Received and Perceived Social Support Following Natural Disaster1


  • 1

    This research was supported by Grant No. MH40411 from the National Institute of Mental Health, Fran H. Norris, Ph.D., Principal Investigator. Some of the data were collected through support by Grant No. MH33063 from the Center for Epidemiologic Studies, National Institute of Mental Health, Stanley A. Murrell Ph.D., Principal Investigator. Appreciation is extended to James F. Phifer and two anonymous reviewers for their comments on an earlier draft of this manuscript.

Direct all correspondence to Fran H. Norris, Department of Psychology, Georgia State University, Atlanta, Georgia 30303.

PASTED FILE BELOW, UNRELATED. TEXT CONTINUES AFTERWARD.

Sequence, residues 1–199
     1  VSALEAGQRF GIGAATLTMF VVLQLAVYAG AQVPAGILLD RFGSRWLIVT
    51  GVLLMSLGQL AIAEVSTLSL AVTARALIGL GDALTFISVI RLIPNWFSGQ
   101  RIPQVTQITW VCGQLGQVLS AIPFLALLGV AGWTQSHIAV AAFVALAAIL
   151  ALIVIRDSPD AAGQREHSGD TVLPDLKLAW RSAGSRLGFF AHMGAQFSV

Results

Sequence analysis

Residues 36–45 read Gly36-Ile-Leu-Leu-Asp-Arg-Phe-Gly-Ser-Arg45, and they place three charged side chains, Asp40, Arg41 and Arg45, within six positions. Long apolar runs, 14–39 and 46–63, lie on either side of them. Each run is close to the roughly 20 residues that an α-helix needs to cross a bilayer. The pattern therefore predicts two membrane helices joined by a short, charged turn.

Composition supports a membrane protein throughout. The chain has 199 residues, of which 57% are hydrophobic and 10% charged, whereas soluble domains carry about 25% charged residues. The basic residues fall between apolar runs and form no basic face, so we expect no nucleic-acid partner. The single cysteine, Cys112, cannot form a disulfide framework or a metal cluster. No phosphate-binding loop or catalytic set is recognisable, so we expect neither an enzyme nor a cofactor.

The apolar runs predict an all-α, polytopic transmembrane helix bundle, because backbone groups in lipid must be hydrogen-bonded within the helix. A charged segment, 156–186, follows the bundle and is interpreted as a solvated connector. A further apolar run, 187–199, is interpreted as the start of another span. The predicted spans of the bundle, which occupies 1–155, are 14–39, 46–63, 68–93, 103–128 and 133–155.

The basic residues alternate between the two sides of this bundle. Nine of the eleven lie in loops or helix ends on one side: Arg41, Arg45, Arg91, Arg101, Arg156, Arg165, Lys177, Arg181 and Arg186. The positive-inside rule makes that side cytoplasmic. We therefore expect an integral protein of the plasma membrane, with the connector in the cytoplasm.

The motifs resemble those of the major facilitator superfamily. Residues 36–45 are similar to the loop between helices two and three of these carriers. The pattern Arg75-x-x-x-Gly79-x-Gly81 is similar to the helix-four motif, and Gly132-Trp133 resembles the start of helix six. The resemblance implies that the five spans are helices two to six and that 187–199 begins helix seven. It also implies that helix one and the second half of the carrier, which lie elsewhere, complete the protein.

Because they were participating in a concurrent panel study, 222 older adults had been asked how much help they would expect to receive in a hypothetical emergency before experiencing two separate floods. For the subsample suffering losses or injuries during the floods, Study 1 examined the accuracy of their expectations, as well as possible changes in them, as a result of help actually received. Generally, victims received much less help than they had expected to receive prior to the floods. Preflood expectation of support predicted help from kin, whereas loss and education predicted help from nonkin sources. However, subsequent expectations did not change as a result of the level of help received. Using the total sample, Study 2 examined the broader issue of whether the disaster itself affected subsequent perceptions of support. Flood exposure, as measured at both individual and community levels, was associated with declines in perceptions of support and social participation.